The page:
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Canadian Journal of Public Health

, Volume 89, Supplement 1, pp S34–S40 | Cite as

Questions de neurotoxicologie au cours du développement : interprétation et implications des données

  • Deborah C. RiceEmail author
Article

Abrégé

On accorde de plus en plus d’attention au potentiel qu’ont les contaminants de l’environnement d’engendrer des déficits neurologiques, cognitifs ou comportementaux suite à une exposition pendant le développement. L’attention est passée de la toxicité visible chez relativement peu d’individus à des insuffisances plus subtiles présentes chez un beaucoup plus grand nombre d’enfants. Cette évolution a amené une reconnaissance du fait que des déficits subtils comme un petite diminution du QI peuvent avoir de grandes répercussions sur la société lorsqu’elle touche un grand nombre d’enfants. Ainsi, une diminution d’1 μg/dl de la concentration de plomb dans le sang chez les enfants américains dont les concentrations atteignent de 10 à 20 μg/dl pourrait se traduire par des économies de 5 à 7,5 milliards de dollars américains par année, en revenus supplémentaires uniquement. En outre, des problèmes de comportement comme l’augmentation de l’aggressivité et les difficultés d’adaptation sociale identifiés dès la petite enfance peuvent s’aggraver et devenir à la longue de graves comportements antisociaux comme la délinquance à l’approche de la puberté. L’exposition à des agents neurotoxiques pendant le développement ou au cours d’une partie importante de la vie peuvent aussi aboutir à une progression accélérée des maladies neurodégénératives reliées à l’âge. Pareils changements aux capacités de fonctionnement d’un segment important de la population peuvent avoir des conséquences graves pour la société ainsi que pour les individus touches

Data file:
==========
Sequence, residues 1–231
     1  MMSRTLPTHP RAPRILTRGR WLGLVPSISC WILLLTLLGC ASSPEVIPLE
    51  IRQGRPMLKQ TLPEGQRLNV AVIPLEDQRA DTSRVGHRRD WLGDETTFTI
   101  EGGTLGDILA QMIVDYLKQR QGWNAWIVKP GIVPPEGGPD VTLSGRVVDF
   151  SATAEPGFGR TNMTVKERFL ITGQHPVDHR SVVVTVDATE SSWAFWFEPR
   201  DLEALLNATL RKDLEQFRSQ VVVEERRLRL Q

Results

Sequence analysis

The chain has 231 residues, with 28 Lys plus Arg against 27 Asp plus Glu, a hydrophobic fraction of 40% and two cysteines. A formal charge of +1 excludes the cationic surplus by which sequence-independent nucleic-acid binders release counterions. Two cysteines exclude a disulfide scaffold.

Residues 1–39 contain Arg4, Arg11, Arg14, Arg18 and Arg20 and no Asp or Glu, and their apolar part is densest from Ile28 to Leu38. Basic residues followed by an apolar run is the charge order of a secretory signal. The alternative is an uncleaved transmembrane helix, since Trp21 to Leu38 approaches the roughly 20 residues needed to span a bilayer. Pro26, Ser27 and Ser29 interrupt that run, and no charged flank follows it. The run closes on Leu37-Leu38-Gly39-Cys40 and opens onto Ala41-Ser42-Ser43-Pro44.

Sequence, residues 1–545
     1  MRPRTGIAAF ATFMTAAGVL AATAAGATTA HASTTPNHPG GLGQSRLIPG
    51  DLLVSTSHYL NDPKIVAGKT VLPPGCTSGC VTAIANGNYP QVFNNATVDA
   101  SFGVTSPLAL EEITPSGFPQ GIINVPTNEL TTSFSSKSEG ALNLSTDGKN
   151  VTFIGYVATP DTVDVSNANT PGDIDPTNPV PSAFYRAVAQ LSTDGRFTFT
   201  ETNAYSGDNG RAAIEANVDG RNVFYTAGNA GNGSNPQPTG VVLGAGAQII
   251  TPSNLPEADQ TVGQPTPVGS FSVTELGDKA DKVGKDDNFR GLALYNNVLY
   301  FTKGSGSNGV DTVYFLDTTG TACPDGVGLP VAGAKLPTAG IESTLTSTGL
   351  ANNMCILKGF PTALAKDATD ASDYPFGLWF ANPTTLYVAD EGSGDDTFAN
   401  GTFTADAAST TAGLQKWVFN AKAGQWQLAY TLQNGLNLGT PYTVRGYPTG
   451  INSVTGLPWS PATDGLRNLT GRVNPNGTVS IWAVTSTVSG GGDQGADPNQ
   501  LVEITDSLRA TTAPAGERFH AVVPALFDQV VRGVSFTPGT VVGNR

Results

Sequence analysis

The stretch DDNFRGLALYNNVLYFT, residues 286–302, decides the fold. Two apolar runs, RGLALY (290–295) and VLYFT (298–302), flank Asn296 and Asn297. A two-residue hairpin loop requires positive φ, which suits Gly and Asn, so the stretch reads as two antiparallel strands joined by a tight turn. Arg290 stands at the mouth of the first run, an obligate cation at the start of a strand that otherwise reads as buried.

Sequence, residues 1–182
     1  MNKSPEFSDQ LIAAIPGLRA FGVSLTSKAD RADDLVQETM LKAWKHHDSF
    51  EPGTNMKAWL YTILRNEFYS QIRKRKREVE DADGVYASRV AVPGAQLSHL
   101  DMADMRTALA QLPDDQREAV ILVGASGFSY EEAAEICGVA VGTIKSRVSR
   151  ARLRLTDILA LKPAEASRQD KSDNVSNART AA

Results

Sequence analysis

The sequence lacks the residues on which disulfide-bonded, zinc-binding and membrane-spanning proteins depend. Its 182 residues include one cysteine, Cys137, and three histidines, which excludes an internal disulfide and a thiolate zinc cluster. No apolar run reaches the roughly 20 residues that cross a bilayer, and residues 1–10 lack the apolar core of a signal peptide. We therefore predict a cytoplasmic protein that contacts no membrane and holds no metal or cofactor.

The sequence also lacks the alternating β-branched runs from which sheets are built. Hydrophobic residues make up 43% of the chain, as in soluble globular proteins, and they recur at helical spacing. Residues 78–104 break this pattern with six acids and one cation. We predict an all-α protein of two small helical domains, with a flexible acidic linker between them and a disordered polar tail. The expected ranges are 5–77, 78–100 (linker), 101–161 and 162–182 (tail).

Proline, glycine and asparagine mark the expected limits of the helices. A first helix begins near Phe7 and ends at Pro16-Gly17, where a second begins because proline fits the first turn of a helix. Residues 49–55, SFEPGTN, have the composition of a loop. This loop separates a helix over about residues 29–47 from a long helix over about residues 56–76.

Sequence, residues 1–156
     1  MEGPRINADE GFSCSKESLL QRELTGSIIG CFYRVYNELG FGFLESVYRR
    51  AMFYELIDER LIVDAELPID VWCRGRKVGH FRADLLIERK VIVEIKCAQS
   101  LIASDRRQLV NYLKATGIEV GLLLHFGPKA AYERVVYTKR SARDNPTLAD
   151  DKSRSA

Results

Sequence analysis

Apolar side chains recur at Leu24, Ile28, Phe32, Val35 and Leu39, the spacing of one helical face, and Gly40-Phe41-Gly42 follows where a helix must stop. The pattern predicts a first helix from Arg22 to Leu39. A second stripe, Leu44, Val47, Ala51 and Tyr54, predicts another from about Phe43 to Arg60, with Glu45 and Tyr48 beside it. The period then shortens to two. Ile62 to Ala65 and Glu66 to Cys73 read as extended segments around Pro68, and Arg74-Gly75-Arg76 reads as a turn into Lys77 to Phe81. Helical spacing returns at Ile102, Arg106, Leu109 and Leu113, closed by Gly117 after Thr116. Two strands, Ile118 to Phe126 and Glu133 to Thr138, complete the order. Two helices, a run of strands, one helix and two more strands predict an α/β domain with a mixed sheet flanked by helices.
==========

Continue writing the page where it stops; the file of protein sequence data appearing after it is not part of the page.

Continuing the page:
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Copyright information

© The Canadian Public Health Association 1998

Authors and Affiliations

  1. 1.Division de la recherche toxicologique, Bureau d’innocuité des produits chimiques, Direction des aliments, Direction générale de la protection de la santéSanté CanadaCanada

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